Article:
The annual Hamilton region SR&ED practitioner’s workshop will be held at the Burlington Convention Centre on Wednesday, September the 25th, 2013.
Topic: A review and discussion of major developments regarding SR&ED tax credits.
- Recent SR&ED cases
- AirMax – informal appeal
- CalAmp – bonuses linked to SR&ED
- Lyrtek – CCPC status and defacto control
- Immunovaccine – government assistance and SR&ED
- New SR&ED measures
- New CRA procedures
- SR&ED examples
Location: Burlington Convention Centre 1120 Burloak Dr.
Date: Wednesday, September 25, 2013 (4-6pm)
The Minister of National Revenue, Kerry-Lynne D. Findlay met with community and business leaders this week to discuss key measures available to Canadian farmers and SMEs in the agri-business sector. Key measures identified included:
1. The Hiring Credit for Small Businesses (HCSB)
2. The Apprenticeship Job Creation Tax Credit
3. The Scientific Research and Experimental Development Program (SR&ED).
The SR&ED program allows agricultural producers to access investment tax credits (ITC) earned on contributions made to agricultural organizations that fund SR&ED. Canadian-controlled private corporations, including agri-business, can earn a refundable ITC of 35% on up to $3 million in qualified SR&ED expenditures for SR&ED carried out in Canada.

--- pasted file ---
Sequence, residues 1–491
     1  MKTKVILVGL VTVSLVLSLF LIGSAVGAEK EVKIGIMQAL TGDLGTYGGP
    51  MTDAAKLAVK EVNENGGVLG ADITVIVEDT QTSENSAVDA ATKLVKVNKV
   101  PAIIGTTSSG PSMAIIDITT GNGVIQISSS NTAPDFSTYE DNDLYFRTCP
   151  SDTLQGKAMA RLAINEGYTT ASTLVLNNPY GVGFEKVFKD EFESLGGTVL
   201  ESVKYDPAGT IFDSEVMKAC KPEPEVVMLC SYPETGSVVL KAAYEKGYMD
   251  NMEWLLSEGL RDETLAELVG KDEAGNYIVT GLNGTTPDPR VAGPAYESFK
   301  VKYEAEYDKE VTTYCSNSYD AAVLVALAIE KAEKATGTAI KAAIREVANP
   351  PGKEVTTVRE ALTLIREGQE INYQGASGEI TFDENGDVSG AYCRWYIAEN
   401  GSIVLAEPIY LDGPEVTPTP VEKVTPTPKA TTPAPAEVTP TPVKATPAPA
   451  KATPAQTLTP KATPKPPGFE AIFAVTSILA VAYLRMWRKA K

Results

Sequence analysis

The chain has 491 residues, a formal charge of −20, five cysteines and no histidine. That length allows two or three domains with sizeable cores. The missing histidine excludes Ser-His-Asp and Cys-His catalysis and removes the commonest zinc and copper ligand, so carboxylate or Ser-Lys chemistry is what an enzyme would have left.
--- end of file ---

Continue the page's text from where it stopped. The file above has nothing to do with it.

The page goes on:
The Crédit d’impôt pour un projet de recherche précompétitive en partenariat privé, or tax credit for a pre-competitive research project through a private partnership, encourages smaller firms to partner with larger firms, in order to keep R&D in Quebec. As long as one of the partnering firms is in Quebec, the smaller firm gains access to greater resources for R&D investment while retaining the intellectual property. The larger firm, on the other hand, gets to claim an additional 35% tax credit above and beyond SR&ED. Those additional credits are applied to whatever R&D costs might remain after the partnering businesses receive their SR&ED tax credit.
Several changes to the SR&ED program proposed during the 2014 budget will be fully implemented in 2014. The changes that will be effective January 1, 2014 include:
- A general rate reduction from 20% to 15%.
- Removal of capital expenditures as a SR&ED-eligible expense.
- Overhead proxy reduced from 60% in 2013 to 55% in 2014.
Ottawa startup Gnowit is one of four Canadian companies that has been selected to attend the UK Trade & Investment’s second annual Global Adventure Competition which is effectively a trade, investment and mentorship mission. Gnowit’s technology skims through hundreds of newspapers, identifies what the core issues are, and provides article summaries that have been extracted. Its key features include the detection of sentiment associated with each article, and the removal of duplicate information.
Gnowit’s Chief Technology Officer Shahzad Khan is a graduate from the University of Cambridge, and chose to come to Ottawa in 2007 for two reasons: (1) Canada’s health programs, and (2) the tax environment was beneficial for startups due to generous government programs such as SRED and IRAP.